If you’ve been following the latest updates on the Trump tax plan, you may be wondering what the new rules set forth by Congress as part of the Tax Cuts & Jobs Act, or TCJA, will mean for you when you file your 2018 taxes. The truth is, the major tax reform passed by Congress may have a significant impact on your tax situation in the coming year. We’re here to help you know the facts about the new tax plan, what it entails, and how it will affect you when tax season comes back around.
If you’re married and filing jointly for the year 2018, we have good news- your standard deduction will increase to $24,000, up from the $13,000 it would have been under the previous tax law.
Single, or married and filing separately? Your standard deduction will now be $12,000 instead of the $6,500 deduction you received in 2017.
If you file as head of household, your standard deduction under the new tax plan will be $18,000- a sizeable jump from the $9,550 deduction in the previous tax year.
One of the most significant changes under the Trump tax plan is the elimination of personal exemption. Prior to 2018, a personal exemption was automatically available for all taxpayers.
Top Income Tax Rate
Individuals with annual incomes exceeding $500,000 will be the most affected by the new top income tax rate of 37 percent. If you are married and filing jointly, the top tax rate will apply to a combined annual income of $600,000 or greater. The new tax plan also makes changes to other income tax brackets, as the chart below illustrates:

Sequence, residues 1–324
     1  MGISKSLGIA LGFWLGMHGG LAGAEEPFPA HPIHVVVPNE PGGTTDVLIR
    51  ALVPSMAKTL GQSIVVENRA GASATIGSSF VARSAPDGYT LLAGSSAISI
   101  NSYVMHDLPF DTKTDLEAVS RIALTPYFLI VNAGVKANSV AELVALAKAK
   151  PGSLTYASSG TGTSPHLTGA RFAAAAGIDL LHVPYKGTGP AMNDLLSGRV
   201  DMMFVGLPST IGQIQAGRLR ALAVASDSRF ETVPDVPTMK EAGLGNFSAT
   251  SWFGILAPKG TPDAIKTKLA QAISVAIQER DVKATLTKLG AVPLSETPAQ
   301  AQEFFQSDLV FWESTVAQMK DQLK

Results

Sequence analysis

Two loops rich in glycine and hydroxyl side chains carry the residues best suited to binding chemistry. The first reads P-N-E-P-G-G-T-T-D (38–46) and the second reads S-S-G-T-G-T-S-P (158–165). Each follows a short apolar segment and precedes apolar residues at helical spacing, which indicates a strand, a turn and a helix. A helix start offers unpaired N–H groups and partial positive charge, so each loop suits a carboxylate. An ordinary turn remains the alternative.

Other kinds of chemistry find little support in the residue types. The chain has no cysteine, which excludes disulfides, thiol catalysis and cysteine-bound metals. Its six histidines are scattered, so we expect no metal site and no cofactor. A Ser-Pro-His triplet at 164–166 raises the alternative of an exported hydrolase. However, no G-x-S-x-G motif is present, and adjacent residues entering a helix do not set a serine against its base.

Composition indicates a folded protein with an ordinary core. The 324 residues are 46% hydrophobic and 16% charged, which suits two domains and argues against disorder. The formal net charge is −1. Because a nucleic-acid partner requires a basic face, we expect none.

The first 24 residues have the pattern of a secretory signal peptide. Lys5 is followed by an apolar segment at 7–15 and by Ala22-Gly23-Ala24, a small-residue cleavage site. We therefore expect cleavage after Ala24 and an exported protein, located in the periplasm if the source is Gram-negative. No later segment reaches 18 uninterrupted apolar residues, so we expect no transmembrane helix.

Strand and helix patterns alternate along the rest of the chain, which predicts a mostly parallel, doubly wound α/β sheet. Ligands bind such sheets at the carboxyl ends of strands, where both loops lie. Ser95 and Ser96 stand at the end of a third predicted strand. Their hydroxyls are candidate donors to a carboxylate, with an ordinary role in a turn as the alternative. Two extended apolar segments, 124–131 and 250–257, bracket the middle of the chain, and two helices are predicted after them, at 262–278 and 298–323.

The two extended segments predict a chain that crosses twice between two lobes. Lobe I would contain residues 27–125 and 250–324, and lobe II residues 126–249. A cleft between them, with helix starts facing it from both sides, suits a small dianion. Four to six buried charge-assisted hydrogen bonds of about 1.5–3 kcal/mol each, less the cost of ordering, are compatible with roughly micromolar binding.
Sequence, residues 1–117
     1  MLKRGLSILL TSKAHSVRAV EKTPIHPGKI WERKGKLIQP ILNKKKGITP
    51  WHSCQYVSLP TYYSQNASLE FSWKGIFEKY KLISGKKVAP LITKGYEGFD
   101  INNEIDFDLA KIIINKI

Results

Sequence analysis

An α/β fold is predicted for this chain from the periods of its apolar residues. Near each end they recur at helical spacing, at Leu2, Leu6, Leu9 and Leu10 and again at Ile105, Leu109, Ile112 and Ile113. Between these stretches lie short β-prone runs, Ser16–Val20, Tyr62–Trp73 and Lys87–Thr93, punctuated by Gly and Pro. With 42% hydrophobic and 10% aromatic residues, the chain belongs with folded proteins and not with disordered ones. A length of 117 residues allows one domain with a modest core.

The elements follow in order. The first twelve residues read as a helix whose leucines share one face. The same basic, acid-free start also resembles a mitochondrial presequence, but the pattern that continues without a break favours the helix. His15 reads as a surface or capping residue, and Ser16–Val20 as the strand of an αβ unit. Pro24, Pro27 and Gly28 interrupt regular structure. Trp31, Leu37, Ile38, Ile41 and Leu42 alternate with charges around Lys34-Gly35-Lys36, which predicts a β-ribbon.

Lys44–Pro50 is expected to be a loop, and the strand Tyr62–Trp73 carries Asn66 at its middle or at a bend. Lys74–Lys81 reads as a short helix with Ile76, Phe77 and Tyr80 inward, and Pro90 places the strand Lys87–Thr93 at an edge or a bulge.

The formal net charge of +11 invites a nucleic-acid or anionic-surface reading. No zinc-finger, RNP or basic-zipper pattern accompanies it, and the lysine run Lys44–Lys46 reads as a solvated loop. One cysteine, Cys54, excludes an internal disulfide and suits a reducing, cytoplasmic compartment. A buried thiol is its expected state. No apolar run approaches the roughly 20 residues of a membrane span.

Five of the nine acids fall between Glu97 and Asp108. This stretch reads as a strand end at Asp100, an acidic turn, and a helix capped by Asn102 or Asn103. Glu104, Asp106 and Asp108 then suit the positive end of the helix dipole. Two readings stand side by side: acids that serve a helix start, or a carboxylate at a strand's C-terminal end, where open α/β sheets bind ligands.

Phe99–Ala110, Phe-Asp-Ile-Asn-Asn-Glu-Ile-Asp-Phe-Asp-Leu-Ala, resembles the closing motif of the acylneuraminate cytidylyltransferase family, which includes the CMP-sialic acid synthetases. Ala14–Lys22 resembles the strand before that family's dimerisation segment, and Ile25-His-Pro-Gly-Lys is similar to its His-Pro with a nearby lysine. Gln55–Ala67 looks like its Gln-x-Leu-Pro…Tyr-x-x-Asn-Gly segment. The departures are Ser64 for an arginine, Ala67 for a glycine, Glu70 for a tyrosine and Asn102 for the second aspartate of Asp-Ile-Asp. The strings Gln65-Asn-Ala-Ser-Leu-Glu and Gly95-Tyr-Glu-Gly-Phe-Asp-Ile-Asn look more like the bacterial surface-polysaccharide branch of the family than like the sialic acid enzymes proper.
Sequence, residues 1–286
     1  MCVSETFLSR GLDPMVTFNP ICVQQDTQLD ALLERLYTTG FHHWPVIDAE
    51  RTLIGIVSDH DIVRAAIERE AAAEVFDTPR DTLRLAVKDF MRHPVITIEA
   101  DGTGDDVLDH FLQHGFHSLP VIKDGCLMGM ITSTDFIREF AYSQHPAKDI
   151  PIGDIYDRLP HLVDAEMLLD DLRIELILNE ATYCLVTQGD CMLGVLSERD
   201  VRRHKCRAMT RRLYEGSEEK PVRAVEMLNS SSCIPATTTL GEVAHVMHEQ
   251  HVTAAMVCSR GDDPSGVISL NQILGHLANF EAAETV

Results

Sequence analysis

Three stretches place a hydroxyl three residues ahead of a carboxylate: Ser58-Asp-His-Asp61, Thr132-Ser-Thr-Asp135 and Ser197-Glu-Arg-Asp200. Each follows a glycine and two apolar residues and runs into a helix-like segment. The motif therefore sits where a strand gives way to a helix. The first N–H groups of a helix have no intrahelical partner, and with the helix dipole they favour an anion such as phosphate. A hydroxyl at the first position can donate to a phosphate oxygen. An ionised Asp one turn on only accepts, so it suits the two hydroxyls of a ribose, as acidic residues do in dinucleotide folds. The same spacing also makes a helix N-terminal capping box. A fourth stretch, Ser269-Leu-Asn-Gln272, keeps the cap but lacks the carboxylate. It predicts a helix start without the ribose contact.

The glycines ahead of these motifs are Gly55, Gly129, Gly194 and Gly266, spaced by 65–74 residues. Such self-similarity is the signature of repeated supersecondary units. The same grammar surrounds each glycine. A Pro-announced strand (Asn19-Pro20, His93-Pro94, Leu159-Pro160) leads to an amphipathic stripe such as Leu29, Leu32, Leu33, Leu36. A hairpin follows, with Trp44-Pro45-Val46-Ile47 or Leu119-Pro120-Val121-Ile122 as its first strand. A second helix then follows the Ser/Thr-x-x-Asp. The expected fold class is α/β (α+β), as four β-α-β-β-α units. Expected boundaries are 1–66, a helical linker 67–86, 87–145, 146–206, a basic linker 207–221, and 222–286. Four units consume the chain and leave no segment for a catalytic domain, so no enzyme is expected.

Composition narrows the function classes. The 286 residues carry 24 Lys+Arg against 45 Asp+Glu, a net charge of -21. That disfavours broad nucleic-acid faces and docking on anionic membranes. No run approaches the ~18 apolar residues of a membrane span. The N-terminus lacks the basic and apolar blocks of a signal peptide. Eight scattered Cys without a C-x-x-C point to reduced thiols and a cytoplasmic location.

These new individual tax rates are effective from 2018 through 2025.
Estate and Gift Tax
The exemption for estate and gift tax is now twice as much under the new tax plan as it was in 2017, at $11.2 million per individual and $22.4 million per married couple filing jointly.
Child Tax Credit
Up from $1,000 per qualifying child in 2017, the new child tax credit under TCJA is $2,000. Dependents who do not qualify for the child tax credit are eligible for a $500 credit under the new tax plan.
Under the Trump tax plan, the deduction for interest on mortgage balances taken out after December 15 of the previous year is now $750,000. However, the limit for any mortgage loan established prior to December 15, 2017 is still $1 million.The biggest change is that starting with the 2018 tax return, any mortgage debt not used to acquire, build, or improve a primary residence will no longer be deductible and this change is retroactive. The actual use of the funds, not what lenders call the loan, determines deductibility. Taxpayers need to review existing loans and determine what percent was used for a purpose other than buying, building or substantially improving a primary home, as this can no longer be deducted.
State and Local Taxes
Itemized deduction for both income and property taxes paid in 2018 is now limited to $10,000.
Retirement Savings Contribution Limits
If you or your spouse are employees participating in certain retirement plans, such as 401k, 403b, the Thrift Savings Plan, or most 457 plans, you are now able to contribute up to $18,500 this year- that’s up from $18,000 in 2017.